Vaccines contain compounds made of salt that help dissolve the active ingredient facilitating its preparation, storage or administration, but they are not nanoids
You have sent us a series of links in which a person who self-identifies as David Topí, who says to be a “multifaceted writer”, affirms that “vaccines contain nanoids”, which he defines as “very tiny, microscopic particles” that are mixed with an “isotropic saline solution”, so that the “«normal» components of the vaccine can be imbibed in a syringe and injected into the body”. This is MISLEADING. Vaccines contain compounds made of salt that help dissolve the active ingredient facilitating its preparation, storage or administration, but they are not nanoids, a concept that does not exist in medical textbooks. In any case, they are called excipients.
“Vaccines contain nanoids. They are very tiny, microscopic particles that are mixed with an aqueous solution, usually an isotropic saline solution, which allows the “«normal» components of the vaccine to be imbibed in a syringe and injected into the body”.
If one consults the medical dictionary of the Spanish Royal Academy of Medicine (RANM in Spanish), one will find that the term nanoid does not exist, neither as a word, nor as part of any medical definition. Nor does it exist in the Royal Spanish Academy. In other institutions, such as the Clínica Universidad de Navarra, they understand that a nanoid is an "individual of small size, but not a true dwarf". In any case, there is no official definition of the term that resembles the one given by the author, nor is it mentioned anywhere that these nanoids are made of "an isotropic saline solution". In other words, the term and the definition given by Topi do not exist in official medical manuals.
Not being a word with an official definition, it can not be verified if such compounds are found in the vaccines. Nor is it possible to check that an "isotropic saline solution" is administered in them, partly because the term isotropic does not exist in the Dictionary of the Royal Spanish Academy (DRAE in Spanish), nor in that of the RANM. The closest thing to the term is isotropic, which refers to "a substance or body that possesses the same properties in all directions", according to the RAE.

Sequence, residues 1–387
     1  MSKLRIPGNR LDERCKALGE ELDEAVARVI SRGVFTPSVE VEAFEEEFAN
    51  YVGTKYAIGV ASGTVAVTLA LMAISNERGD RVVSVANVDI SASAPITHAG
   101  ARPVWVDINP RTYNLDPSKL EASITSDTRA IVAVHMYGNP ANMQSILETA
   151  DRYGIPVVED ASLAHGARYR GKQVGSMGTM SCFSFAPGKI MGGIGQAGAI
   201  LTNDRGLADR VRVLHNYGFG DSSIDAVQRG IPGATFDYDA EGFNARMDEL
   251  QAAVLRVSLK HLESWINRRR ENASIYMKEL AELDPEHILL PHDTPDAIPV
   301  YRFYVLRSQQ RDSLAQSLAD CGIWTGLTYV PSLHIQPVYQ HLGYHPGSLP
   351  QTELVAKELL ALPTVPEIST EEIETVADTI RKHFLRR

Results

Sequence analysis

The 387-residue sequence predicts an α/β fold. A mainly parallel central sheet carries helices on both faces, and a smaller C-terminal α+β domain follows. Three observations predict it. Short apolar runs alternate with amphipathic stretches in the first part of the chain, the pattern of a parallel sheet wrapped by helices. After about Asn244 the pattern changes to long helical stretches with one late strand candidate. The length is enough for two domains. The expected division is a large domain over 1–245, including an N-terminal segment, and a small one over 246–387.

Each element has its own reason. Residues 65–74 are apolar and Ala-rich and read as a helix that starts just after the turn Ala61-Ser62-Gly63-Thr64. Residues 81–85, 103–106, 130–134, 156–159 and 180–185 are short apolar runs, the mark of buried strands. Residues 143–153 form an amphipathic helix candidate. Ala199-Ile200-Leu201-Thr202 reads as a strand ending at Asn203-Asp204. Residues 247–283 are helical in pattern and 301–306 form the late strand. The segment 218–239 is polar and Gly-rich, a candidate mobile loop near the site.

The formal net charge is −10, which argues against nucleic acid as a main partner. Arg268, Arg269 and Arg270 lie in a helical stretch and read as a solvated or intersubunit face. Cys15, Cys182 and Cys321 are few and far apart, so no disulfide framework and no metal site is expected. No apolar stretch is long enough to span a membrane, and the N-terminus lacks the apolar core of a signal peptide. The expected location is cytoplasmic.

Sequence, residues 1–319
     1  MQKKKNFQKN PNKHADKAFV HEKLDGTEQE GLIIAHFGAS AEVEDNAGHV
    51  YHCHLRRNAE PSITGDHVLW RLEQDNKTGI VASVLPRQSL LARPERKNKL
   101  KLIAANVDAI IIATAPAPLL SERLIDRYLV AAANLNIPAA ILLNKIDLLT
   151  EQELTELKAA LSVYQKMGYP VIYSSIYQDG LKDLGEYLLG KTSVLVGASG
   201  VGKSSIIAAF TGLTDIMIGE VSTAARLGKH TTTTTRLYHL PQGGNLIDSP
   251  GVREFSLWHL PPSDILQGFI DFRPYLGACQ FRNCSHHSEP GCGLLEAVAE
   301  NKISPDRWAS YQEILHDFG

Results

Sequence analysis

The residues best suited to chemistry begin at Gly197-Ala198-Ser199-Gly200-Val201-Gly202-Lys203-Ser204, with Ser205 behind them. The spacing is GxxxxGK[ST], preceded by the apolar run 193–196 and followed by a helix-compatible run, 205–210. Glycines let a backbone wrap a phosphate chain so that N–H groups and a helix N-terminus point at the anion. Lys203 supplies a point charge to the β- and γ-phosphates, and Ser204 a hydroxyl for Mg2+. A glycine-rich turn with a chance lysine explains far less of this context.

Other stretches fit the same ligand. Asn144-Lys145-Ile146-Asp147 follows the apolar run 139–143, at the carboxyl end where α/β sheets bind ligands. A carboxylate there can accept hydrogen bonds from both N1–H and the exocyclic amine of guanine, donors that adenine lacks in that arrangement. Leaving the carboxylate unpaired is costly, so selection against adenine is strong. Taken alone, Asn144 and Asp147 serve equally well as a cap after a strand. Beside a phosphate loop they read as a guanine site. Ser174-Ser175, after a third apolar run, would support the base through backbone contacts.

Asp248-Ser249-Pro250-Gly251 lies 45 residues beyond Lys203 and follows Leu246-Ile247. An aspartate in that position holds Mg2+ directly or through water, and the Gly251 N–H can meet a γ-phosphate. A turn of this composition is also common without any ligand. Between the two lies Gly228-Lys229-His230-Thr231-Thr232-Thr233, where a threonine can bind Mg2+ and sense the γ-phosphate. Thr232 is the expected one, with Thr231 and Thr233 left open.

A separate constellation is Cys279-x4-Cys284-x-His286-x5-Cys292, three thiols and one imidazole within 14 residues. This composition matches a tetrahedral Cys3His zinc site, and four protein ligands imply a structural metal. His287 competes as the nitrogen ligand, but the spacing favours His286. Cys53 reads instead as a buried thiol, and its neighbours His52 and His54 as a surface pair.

What vaccines do have are excipients, used to “dissolve the active ingredient, that for the case of the vaccine would be the antigen and eventually the adjuvant to facilitate its preparation, storage or administration”, Adelaida Sarukhan, an immunologist and scientific writer at the Institute for Global Health (ISGlobal in Spanish) in Barcelona, told Verificat that excipients "are generally inert", that is, they have no pharmacological effect.
Side effects do not last for years
In another part of the document, Topí claims that “all human beings, from the first vaccine that we receive when we are kids, have millions of components of such nanotechnology (nanoids) flowing through our blood stream”, and that these cause “micro-dysfunctions in the body”. This is FALSE. Vaccines containing nanotechnology, such as those of messenger RNA, are safe, and there are no documented cases of vaccine-associated effects that have appeared more than a couple of months, let alone years, after receiving the vaccine.
“Everyone, all human beings, from the first vaccine that we receive when we are kids, have millions of components of such nanotechnology (nanoids) flowing through our blood stream”, and that these cause “micro-dysfunctions in the body”.
Nanotechnology is defined as the science of manipulating matter at an atomic scale, while the term “nano” refers to the size —any particle between 1 and 100 nanometers of diameter— independently of its composition.
For the case of vaccines, these can be nanoparticles made of lipids, proteins or other molecules: “Those of messenger RNA, for example, use lipid (fat)-based nanoparticles to avoid the mRNA degradation in the extracellular space facilitating its entry into the cell. Novavax's vaccine candidate, on the other hand, contains nanoparticles made from multiple recombinant Spike proteins bound together," Sarukhan points out.
All these nanoparticles have the advantage that they arrive and penetrate into the cells more easily: “There is no evidence they cause ‘micro-dysfunctions’ in the body, and even less after years of being injected," Sarukhan dismisses. "Experience with all the vaccines that have been developed so far leads to the conclusion that adverse effects, if any, always occur within the first two months after vaccination”.
The Centers for Disease Control and Prevention has already stated on its website that "serious effects from any vaccine, including covid-19, are extremely unlikely", and that "historical monitoring of vaccines has shown that such side effects occur within six weeks after receiving a dose".
Who is David Topí?
David Topí claims to be an "engineer by profession", although he currently considers himself a "multifaceted writer and trainer" who works "to disseminate, teach and train people on issues of personal development, metaphysics, the functioning of the energy system of the human being, the composition and programming of the psyche and the mind […], understanding these issues as that which is beyond the world we perceive with our senses". Nowhere does he claim to be linked to the world of medicine, nor to have received specific training in it, so he could not be considered an expert in the area he is dealing with: in this case, about vaccines.